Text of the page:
Anybody else but a great man, born of a great family like the Byrds, would have hurt my feelings by saying apologetic things about the tragedy between us, but the Idol just ignored it and I was made one of them again in their trouble. Suddenly something popped into my mind that I could do to get the money for them to save Lovelace Peyton’s eyes and not hurt the family pride. There is no doubt about it, when a girl gets so she can ask God to help her and think at the same time, she can find an inspiration when she needs it. I may be in trouble and disgraced, but I’ve got Him on my side, and I can yet do things when my friends have such dire needs as a doctor. I am afraid to write it even to you, leather Louise.
Suddenly I stood up beside Mr. Douglass, and looked down at Roxanne, and then up at him.
“Do both of you trust me enough to let me try to help if I do it with my own brains and not—not my father’s money?” I asked.
For a moment they both looked at me, and then the Idol took my hand in his and looked me in the eyes just as square as I looked at him.
“Yes,” he said in a voice that grows more wonderful the more you love and know him, “you are one of us and you can plan with us all you are able to.”
“Yes, Phyllis; you have never offered or asked us to do anything we ought not to, and if you can think with us I know it will help,” Roxanne said, looking up at me trustfully.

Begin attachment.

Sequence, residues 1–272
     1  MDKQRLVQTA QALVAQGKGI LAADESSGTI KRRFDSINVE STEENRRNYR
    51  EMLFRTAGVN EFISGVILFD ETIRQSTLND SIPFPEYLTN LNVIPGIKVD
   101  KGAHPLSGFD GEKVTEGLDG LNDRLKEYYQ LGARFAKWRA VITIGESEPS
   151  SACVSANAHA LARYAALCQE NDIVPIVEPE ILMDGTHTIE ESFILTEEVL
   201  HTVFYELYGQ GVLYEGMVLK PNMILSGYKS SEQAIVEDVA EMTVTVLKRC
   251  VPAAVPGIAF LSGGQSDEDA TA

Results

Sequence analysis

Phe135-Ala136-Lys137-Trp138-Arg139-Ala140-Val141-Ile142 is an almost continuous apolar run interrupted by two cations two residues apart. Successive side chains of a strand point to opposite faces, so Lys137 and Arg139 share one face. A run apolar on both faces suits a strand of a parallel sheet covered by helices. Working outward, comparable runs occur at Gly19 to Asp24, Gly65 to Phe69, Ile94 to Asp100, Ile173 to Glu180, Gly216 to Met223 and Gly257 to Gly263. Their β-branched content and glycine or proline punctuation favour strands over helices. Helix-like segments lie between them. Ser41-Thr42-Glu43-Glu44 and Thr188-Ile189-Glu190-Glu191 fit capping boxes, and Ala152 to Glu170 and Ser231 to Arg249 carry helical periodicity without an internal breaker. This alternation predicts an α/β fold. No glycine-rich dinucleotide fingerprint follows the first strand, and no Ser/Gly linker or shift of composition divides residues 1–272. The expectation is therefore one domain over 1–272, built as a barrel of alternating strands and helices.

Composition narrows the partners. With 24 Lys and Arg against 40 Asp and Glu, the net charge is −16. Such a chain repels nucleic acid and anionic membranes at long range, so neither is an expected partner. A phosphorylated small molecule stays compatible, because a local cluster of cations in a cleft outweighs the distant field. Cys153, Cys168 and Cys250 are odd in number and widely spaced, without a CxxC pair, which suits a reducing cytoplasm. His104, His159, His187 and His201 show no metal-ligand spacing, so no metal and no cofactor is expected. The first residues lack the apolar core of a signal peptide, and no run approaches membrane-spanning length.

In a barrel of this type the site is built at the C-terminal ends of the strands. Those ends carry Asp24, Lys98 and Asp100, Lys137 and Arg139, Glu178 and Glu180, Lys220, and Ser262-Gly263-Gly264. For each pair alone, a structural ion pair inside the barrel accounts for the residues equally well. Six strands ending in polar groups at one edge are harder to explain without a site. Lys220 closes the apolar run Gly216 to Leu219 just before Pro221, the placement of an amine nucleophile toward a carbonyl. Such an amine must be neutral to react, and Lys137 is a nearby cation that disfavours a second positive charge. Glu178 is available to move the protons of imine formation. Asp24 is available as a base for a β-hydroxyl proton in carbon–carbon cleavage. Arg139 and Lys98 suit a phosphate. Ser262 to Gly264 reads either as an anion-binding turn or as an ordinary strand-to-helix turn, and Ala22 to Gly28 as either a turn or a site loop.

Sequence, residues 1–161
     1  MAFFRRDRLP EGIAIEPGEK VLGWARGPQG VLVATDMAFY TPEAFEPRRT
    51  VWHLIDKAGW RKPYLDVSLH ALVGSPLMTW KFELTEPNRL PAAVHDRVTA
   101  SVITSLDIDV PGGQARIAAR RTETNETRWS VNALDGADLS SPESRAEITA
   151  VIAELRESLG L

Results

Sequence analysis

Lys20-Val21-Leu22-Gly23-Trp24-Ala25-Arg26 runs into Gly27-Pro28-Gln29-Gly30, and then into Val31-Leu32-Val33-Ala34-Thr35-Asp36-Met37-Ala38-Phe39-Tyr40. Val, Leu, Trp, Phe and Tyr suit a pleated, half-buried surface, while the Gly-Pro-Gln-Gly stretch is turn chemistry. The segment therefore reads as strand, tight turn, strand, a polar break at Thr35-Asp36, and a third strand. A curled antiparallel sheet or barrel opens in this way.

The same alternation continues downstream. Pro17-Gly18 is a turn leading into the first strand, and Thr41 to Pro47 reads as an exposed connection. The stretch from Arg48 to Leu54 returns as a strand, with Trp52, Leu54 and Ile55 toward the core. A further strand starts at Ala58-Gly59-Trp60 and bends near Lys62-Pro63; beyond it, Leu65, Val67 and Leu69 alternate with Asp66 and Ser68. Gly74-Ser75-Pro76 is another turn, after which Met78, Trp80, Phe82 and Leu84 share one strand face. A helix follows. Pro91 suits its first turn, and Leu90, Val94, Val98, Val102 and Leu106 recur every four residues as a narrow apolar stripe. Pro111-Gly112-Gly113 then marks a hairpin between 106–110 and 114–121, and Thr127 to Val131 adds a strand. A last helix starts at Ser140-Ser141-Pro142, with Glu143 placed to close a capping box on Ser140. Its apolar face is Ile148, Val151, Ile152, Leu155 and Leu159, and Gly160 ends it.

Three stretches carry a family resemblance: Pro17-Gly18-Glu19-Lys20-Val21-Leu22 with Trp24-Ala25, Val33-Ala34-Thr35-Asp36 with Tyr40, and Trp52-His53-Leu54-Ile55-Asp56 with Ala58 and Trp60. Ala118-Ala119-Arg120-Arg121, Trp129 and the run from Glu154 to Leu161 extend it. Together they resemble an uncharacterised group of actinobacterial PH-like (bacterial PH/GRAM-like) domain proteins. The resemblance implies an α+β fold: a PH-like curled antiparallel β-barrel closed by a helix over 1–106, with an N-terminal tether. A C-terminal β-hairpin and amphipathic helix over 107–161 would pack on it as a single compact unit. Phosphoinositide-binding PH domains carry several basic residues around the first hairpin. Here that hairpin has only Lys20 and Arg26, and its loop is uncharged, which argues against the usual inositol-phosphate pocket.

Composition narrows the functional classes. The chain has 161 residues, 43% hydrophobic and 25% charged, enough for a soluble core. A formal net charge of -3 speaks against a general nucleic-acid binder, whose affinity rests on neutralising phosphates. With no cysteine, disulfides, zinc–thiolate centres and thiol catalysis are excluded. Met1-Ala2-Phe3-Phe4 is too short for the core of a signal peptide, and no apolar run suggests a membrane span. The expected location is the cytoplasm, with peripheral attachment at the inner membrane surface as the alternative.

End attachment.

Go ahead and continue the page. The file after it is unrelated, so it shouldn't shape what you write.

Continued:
Again I make record, Louise, that my course with the Byrd family pride has conquered it, even if I did display symptoms of it myself by staying away from the cottage so long. I’m in a very queer position. I have not made everybody understand that I can’t be a Girl Scout and I am a dishonored person in Byrdsville, with all sorts of distinctions offered me. But this scheme I have thought up to get the doctor here has made me hold my breath so that I can hardly write, and I can’t worry over honors and medals and things. I will do it! I will! Good-night!
Some people are so afflicted with energy that their days are twenty-five and a half hours long. Mine are twenty-six just now. If it were not for the fact that several hours each day I am under the influence of Roxanne’s repose, I suspect I would run down like a clock that has exhausted its mainspring. Mamie Sue says that Belle says Roxanne is shiftless, but Belle is unable to distinguish shiftlessness from noble composure under difficulties. I told Mamie Sue that it would be best for her to forget all that Belle has ever said to her; and she is trying.
Still, though I understand it perfectly, it is positively queer to hear Roxanne talk about what the great doctor is going to do for Lovelace Peyton’s eyes, and they haven’t done one thing about getting him here from Cincinnati. The Idol has gone back to the obscurity of the shed, and I suppose he is making up some plan about the doctor, while he is working with his furnaces and retorts and things, but he hasn’t told one yet, and it is two whole days. I do hope and pray that my plan will succeed without his having to bother with a common thing like money.